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UK Confidential Monday, 1 January, 2001, 00:48 GMT
The truth about Thatcher Thatcher milk snatcher
Milk bottles
Gotta lotta bottle - unless you were under seven-years-old
The one political decision that cemented the left's view of Margaret Thatcher nine years before she entered Number 10 as prime minister was the one that left her dubbed "Thatcher, Thatcher Milk Snatcher". But documents published today reveal that she was considering cuts elsewhere at the same time...

As Sir Edward Heath's Conservatives took power from Harold Wilson in June 1970, the economic outlook was looking bleak.

Wilson's government appeared to have postponed some key economic decisions because of the General Election - and the Conservatives were looking for cuts to meet election pledges on tax.

The most infamous cut of all was the Department of Education's decision to end universal free school milk- taken by Secretary of State Margaret Thatcher.

But documents released under the 30-Year-Rule paint a more complicated picture of what the future prime minister was prepared to sign up to.

Shortly after election, Prime Minister Heath wrote to his cabinet, telling them: "We shall need determination and a willingness among spending ministers to accept reductions in programmes which, from a departmental stand point, they would be reluctant to make."

And in August 1970, the new Secretary of State for Education responded to a Treasury demand for education cuts in four areas:

  • Further Education fees
  • Library book borrowing charges
  • School meal charges
  • Free school milk

    In principle, the minister who became known for her public-spending cutting zeal once she took power in 1979, appeared concerned at what the public perception of the cuts would be.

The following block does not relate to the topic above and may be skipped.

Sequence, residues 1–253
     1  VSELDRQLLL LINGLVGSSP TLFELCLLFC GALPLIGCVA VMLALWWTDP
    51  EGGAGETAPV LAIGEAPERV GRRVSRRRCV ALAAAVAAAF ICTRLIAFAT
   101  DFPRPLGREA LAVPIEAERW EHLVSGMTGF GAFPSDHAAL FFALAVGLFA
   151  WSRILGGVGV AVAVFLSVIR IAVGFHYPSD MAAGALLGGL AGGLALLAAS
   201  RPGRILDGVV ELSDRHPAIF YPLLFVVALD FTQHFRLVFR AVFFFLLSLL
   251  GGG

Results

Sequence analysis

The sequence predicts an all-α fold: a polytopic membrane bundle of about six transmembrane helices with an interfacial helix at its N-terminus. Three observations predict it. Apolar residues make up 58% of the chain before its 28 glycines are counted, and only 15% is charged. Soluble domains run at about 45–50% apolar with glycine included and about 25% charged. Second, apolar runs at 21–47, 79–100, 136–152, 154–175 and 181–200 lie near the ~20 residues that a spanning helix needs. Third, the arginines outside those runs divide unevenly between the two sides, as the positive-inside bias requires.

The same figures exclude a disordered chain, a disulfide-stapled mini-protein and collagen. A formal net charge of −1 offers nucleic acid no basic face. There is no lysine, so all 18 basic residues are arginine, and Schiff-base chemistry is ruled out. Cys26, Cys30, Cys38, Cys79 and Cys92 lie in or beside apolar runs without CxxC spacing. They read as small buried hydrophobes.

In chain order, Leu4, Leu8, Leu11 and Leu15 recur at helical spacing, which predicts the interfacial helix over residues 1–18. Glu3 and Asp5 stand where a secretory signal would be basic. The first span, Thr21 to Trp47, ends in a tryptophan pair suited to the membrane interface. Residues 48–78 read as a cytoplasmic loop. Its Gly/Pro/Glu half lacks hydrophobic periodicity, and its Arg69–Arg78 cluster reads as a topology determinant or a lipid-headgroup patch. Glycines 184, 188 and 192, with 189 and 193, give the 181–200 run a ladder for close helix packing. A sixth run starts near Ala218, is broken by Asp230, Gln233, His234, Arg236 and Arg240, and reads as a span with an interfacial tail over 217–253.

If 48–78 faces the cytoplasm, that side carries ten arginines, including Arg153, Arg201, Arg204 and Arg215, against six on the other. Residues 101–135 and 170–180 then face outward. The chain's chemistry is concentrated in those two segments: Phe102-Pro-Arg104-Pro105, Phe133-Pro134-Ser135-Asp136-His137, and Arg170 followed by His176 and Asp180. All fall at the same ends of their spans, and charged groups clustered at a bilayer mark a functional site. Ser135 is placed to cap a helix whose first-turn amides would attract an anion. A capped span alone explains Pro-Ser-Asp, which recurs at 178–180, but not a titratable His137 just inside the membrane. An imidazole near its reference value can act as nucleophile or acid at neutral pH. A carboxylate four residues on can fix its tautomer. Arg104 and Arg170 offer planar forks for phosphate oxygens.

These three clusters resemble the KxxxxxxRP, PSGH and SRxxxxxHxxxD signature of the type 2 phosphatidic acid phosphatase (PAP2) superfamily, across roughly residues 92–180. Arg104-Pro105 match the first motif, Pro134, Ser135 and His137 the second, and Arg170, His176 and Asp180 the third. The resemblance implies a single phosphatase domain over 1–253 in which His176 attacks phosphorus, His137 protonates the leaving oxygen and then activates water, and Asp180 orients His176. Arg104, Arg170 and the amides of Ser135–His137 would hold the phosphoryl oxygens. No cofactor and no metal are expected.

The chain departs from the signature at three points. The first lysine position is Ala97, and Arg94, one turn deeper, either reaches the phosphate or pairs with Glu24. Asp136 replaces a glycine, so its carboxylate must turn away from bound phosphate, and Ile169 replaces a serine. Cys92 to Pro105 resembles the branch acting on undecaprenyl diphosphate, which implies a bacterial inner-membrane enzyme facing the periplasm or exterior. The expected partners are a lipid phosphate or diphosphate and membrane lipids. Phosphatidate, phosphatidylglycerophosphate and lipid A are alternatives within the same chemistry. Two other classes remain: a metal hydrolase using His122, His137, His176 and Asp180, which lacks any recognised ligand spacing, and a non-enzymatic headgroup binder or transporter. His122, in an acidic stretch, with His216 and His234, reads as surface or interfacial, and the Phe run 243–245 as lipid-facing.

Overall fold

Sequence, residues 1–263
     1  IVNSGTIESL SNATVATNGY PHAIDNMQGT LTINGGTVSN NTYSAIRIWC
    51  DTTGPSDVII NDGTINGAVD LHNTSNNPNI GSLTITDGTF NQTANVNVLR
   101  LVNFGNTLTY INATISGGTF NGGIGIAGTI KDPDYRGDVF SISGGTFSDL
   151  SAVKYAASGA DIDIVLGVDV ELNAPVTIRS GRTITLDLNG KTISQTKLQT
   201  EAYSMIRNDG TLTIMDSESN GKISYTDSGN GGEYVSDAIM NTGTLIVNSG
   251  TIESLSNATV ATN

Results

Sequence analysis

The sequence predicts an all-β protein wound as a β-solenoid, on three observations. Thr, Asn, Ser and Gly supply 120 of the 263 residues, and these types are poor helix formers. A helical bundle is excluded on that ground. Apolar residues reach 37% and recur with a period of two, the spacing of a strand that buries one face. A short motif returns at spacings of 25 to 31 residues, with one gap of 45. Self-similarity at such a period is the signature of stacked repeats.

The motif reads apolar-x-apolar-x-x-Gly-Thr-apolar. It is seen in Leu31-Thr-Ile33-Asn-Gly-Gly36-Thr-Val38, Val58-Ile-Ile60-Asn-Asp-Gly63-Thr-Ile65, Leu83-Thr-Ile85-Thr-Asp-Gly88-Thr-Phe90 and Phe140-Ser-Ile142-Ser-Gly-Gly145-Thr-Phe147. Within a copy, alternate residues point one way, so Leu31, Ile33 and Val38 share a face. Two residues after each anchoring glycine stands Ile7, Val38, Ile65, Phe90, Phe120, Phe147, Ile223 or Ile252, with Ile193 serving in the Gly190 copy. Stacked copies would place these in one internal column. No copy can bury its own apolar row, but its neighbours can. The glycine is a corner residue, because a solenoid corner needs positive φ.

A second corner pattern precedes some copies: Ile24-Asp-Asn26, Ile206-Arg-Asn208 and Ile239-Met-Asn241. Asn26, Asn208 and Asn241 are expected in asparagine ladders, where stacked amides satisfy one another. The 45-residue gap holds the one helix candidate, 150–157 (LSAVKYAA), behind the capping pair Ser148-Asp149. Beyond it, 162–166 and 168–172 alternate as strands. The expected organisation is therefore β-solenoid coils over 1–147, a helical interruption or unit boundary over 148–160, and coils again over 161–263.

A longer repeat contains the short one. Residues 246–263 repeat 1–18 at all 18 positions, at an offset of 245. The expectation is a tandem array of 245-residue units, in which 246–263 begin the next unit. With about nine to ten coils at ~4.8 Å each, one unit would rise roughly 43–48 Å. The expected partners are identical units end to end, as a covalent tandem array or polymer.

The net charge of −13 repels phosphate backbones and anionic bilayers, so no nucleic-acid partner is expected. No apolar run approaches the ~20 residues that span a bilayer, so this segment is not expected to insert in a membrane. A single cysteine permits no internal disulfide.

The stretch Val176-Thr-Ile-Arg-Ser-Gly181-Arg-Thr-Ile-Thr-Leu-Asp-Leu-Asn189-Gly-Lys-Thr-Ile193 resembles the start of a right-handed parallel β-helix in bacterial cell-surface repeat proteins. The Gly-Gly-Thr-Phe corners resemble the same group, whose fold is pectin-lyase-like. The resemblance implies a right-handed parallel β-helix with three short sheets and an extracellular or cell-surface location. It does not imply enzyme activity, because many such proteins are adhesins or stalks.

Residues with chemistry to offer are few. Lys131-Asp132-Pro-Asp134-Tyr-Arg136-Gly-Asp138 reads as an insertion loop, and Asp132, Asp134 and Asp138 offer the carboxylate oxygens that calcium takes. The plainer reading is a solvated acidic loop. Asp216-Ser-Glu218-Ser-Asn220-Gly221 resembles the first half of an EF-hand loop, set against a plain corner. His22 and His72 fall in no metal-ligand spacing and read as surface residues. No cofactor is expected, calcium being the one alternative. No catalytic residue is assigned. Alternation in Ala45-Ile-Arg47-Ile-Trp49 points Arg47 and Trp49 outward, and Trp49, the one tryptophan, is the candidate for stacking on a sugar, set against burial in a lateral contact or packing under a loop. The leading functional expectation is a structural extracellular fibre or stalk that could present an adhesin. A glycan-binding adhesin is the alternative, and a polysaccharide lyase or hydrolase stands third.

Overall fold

Responding to the demands to end free school milk, Mrs Thatcher said: "I think that the complete withdrawal of free milk for our school children would be too drastic a step and would arouse more widespread public antagonism than the saving justifies."

    She proposed the compromise, later accepted, that milk would only be available to pupils in nursery and primary schools.

    She told the Treasury that this would reduce the proposed cuts by 20m over the four-year life of the government and would free up cash for a new primary school building programme.

    Museum charges

    On library book charges, Mrs Thatcher's response appeared to be set harder against their introduction.

    margaret Thatcher in the 1970s
    Margaret Thatcher: Baulked at library charges
    "I foresee real difficulties here," she wrote tot he Chief Secretary to the Treasury, Maurice Macmillan.

    "It would be a serious step to abandon the time-honoured principle of free borrowing from public libraries and I think that the issue should be put before the collective judgement of our colleagues."

    Crucially though, she added a new proposal which may have proved just as controversial had it gone ahead.

    "To compensate for this, I am willing to include in my review the imposition of entrance charges to the national museums..."

    School meals

    Despite these reservations, the minister did support increasing charges for school meals - but in a carefully managed way to avoid public protest.

    "I think that we should proceed by fewer and larger steps so as to reduce the occasions for the inevitable recurrence of criticism whenever an increase is made in school meal charges," she wrote.

    "On this footing, I propose raising the charge to 12p next April and to 14p in April 1973; over the four year period 1971-74 this will produce 16m more in savings then (sic) would your own proposals."

    Cabinet offers

    By the Cabinet meeting of September 15, Mrs Thatcher appeared to be more enthusiastic about cuts to her department's bill.

    "The Secretary of State for Education and Science said that she had been able to offer the Chief Secretary, Treasury, rather larger savings than he had sought on school meals, school milk, further education and library charges," the minutes reveal.

    Those cuts would be worth some 200m to the government - though some would go back into primary schools.

    Despite concerns about the proposals for school meal charges, the Cabinet supported the package, excepting library fees, two weeks later.

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